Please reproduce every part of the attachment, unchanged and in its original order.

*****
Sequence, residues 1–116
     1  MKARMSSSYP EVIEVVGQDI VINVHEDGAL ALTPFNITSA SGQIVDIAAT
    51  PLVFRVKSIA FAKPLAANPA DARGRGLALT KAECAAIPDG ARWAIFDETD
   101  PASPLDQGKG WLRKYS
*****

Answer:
Sequence, residues 1–116
     1  MKARMSSSYP EVIEVVGQDI VINVHEDGAL ALTPFNITSA SGQIVDIAAT
    51  PLVFRVKSIA FAKPLAANPA DARGRGLALT KAECAAIPDG ARWAIFDETD
   101  PASPLDQGKG WLRKYS